Only thing about trying to find a correct AFB at a swap meet, even the Mopar Nationals, YOU need to know exactly what you're looking for, stamp numbers and all. Get one that's applicable for a 383, too, although many might be for 440s. The 383-spec carbs were about 550cfm with the 440s being larger. The 440 carbs also had different jets and metering rods in them, too, so you'll need to get one of the "Strip Kits" to recalibrate the jets to 383 (or earlier 361 4bbl) specs.

On the OTHER side of the deal, if the current Edelbrock AFB works decently well, you could be looking to purchase something that'll need more than a normal kit to make it work. MAKE SURE the throttle linkage is all there AND works freely! AND get a carb that most closely matches your vehicle's application, or for a similar 383 4bbl car . . . model year and everything.

What you might have better luck doing is to find a single-snorkle air cleaner that would be correct for a '66 383 4bbl Charger. Then you can take the "Road Runner" base and use it under the stock snorkle "top", which will be an incognito open element air cleaner as the RR base fits the larger air cleaner "circle", but not the outer diameter of the air cleaner top. AND, it might be that the Road Runner air cleaner was more correct for that model year of Charger 383 4bbl, too, as Chrysler C-bodies usually had snorkle air cleaners back then.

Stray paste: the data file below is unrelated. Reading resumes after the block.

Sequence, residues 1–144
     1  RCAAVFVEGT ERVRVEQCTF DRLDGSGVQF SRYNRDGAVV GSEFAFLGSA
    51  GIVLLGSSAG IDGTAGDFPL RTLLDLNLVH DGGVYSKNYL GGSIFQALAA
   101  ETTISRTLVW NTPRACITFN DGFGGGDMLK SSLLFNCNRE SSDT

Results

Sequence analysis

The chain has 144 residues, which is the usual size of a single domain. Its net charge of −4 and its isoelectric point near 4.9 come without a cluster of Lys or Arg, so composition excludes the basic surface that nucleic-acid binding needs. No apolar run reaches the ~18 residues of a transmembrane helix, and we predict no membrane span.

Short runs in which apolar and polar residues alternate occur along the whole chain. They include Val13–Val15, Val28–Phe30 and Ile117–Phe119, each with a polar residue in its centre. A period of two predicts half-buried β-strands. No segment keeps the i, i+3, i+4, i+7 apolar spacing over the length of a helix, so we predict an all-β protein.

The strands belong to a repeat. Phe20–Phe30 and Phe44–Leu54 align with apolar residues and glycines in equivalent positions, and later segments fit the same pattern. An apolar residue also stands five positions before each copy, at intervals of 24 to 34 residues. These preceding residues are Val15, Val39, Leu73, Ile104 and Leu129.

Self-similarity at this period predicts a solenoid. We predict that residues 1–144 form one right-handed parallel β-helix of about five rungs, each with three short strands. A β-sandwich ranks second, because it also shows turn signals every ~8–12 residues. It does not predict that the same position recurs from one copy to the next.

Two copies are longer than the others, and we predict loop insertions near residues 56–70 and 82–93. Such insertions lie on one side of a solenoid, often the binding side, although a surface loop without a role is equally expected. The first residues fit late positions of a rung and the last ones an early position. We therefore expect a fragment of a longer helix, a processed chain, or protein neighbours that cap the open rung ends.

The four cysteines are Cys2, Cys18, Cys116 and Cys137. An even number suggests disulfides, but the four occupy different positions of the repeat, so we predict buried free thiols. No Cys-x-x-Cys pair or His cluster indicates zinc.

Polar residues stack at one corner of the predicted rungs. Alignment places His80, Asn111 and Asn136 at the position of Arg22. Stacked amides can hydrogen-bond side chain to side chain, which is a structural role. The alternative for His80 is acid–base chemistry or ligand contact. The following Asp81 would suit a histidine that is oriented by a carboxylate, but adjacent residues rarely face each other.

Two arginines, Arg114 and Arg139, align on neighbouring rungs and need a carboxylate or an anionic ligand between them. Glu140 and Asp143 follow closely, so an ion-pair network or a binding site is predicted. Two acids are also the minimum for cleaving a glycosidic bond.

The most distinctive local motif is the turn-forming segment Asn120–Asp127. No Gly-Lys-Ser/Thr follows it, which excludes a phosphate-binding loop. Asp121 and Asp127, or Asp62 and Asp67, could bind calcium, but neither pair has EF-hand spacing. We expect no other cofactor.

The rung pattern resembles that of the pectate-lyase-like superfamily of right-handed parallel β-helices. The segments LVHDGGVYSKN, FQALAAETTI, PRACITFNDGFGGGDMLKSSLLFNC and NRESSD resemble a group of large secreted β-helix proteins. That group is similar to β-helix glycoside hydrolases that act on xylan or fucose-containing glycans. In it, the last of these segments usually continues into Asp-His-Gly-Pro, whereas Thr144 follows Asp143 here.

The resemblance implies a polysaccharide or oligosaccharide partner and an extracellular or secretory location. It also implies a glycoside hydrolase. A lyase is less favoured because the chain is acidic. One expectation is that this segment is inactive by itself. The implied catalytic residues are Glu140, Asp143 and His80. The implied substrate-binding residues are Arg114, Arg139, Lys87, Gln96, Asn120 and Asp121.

There ARE some model-year specific issues with the snorkles, though. Our '66 Chrysler had a round, flared snorkle, but the '67 and '68s had an "inserted" end snorkle. OR if you want to spend a few $$$$$, look for a dual snorkle, round snorkles, air cleaner.

I just feel that trying to find an original or a "close, will-work" carb can be more trouble than it'll be worth, especially with it being a "used" part of unknown origin (meaning YOU have no way of verifying what the seller is telling you, with all due respect, even fellow Mopar buds).

Starting in '68, I believe, the Edelbrock DP4B aluminum intake for 383s had a factory Chrysler part number on it. That made it legal for NHRA drag racing. I suspect the later Performer is reasonably close to it, or a little better. The factory 4bbl manifolds can be identified by their casting numbers. All were dual-plane intakes. Finding one of thsoe intakes, which hasn't been hacked-on, might be good, but if you've already got a Performer on there, might make an interesting object to have in the garage.

Good luck, take some SPF30 sun screen (the spray type for your head, too!), and enjoy the "Mopar Overload" to get your "Mopar battery" recharged! Buy the multi-day parking pass and tickets and park in the field across the road from the main entrance. If you're going to be specifically "swap meeted", then there's another field just north of the swap meet area, with an entrance off of the main road that crosses US40 a little ways east of the main event entrance. On that east-west "side road", you'll pass the local airport and such before you get to the entrance to the field, where the swap meet vendors enter.

Hopefully, you've got hotel rooms already!!